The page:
I’ve just read a somewhat intriguing idea off the Long Tail book. It says:
Bloggers can specialise on a particular topic to an extent that few journalists employed by media companies can, since the more that journalists specialised, the more of them the company would have to hire in order to cover all bases.
… and I see how true this can be, when the power of instant publishing is given to the hands of the common people. Why would a journalist know more and publish more about engineering than an engineer, more about music production than the music producer himself, and more about teaching parrots to talk than the community of people who actually own parrots and do that hands on everyday?
I appreciate the Long Tail being in effect – now that I pay more attention to blogs. The blogs that I read serve me more detailed information about my topic of interest than the daily newspaper or nine o’clock news. Besides, blog information “gets aired” so must faster than the news, unless its a live telecast (which they don’t have on TV everyday).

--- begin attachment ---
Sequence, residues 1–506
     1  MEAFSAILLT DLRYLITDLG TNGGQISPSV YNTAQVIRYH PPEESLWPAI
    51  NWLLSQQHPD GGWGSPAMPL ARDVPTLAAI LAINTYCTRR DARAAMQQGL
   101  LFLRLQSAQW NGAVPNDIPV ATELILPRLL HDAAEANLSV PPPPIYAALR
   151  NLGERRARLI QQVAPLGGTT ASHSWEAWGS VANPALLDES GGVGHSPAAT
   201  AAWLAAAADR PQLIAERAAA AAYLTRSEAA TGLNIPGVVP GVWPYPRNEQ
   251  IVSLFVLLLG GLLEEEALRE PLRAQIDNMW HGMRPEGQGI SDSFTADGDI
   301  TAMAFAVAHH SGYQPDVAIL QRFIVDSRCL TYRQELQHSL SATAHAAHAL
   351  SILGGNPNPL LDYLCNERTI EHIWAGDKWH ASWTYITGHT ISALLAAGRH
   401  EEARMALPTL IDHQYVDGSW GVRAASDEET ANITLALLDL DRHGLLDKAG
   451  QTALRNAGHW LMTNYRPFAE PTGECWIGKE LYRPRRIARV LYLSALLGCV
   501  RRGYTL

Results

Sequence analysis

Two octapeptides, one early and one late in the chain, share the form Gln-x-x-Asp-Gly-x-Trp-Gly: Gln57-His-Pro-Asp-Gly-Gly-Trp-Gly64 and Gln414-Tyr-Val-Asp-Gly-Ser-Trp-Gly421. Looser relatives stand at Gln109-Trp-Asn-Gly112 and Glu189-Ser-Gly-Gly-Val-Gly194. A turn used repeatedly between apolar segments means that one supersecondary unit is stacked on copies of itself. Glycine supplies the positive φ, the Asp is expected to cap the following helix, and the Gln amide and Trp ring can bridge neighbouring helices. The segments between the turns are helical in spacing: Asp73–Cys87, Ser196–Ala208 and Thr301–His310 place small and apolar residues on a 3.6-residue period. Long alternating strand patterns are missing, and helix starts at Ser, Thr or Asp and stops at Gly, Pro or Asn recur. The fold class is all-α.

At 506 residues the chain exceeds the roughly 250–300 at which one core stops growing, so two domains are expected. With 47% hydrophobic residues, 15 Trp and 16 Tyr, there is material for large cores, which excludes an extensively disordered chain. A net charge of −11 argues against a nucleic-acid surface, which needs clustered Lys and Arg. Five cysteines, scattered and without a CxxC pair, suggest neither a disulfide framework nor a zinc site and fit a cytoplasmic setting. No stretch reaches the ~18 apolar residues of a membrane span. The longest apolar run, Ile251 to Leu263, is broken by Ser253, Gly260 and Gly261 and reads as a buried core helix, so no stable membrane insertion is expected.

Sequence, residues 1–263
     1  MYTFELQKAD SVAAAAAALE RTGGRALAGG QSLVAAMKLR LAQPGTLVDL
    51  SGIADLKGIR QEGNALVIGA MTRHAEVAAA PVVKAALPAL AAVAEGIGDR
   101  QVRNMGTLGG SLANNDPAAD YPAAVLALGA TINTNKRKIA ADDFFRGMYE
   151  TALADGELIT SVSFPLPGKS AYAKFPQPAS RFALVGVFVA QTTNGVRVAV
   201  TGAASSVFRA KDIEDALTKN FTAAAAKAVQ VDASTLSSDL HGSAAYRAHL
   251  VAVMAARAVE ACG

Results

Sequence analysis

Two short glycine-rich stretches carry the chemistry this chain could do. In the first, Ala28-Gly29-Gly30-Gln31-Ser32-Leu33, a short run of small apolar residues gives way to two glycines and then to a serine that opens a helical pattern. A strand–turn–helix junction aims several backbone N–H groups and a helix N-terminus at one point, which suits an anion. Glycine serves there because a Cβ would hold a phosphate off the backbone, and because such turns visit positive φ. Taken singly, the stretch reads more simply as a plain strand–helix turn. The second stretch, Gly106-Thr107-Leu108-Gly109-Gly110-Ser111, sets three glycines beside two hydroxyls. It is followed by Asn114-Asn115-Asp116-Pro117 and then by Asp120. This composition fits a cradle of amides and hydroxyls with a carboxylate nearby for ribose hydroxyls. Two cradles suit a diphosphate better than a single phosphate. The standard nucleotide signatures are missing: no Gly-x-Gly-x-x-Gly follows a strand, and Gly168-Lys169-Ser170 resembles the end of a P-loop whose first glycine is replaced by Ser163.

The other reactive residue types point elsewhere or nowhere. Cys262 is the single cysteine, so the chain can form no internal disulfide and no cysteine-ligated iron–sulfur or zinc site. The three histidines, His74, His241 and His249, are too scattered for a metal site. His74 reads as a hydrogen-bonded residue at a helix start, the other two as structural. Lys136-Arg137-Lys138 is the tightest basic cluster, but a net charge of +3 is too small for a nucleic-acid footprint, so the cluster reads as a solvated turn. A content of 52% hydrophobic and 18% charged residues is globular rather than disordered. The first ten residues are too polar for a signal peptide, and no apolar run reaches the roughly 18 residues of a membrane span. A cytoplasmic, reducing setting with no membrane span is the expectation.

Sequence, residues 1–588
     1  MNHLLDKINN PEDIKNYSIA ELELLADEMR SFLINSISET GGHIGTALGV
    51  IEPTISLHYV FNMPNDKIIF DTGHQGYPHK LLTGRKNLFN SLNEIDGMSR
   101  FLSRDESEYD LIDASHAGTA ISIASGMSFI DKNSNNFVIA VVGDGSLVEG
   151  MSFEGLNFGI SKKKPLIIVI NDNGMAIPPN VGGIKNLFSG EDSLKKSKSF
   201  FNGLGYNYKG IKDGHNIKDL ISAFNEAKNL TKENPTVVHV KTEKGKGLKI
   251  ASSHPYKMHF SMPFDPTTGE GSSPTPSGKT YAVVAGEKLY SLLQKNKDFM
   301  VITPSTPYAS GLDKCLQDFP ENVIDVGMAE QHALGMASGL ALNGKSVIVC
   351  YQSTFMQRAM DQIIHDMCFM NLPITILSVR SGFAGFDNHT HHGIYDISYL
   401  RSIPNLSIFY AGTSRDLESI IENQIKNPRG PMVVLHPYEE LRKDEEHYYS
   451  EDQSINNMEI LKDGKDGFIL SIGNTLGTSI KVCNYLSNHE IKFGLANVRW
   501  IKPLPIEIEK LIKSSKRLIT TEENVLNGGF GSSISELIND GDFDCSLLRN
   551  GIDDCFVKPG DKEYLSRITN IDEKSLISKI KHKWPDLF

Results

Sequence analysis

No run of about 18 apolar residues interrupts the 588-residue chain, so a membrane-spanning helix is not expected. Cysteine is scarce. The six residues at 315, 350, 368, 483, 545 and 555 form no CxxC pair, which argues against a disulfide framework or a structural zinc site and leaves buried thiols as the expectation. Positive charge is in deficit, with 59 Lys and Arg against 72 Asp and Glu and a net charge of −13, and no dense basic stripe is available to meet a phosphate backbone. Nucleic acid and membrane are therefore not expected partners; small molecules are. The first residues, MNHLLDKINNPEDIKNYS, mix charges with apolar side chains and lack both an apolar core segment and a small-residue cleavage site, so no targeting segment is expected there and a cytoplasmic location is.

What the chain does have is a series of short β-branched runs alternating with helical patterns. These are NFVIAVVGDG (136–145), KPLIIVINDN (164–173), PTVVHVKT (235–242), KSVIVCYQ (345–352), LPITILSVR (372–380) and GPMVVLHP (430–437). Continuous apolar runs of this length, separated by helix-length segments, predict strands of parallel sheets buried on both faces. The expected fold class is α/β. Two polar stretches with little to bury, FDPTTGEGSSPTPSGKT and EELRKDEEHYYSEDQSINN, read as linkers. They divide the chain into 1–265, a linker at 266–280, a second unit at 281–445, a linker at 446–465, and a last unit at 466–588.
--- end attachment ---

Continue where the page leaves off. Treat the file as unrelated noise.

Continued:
That said, have your perception of “Authority” changed? Do you tend to trust what you read online (from a few sources) more than what you read from the papers?
Let’s give an example. Let’s say Company X launches its latest tech gadget, and in the papers you read a review of the product, saying that it is excellent, but yet at the same time, you do a search online and what you get are mainly blogs complaining of how this product didn’t work out for them. Which would you trust more?
We used to expect the papers right at our doorstep when we wake up so we can read the news right in the morning, but how many people are doing that now? How has the evolution of information dissemination online changed the way you do things today?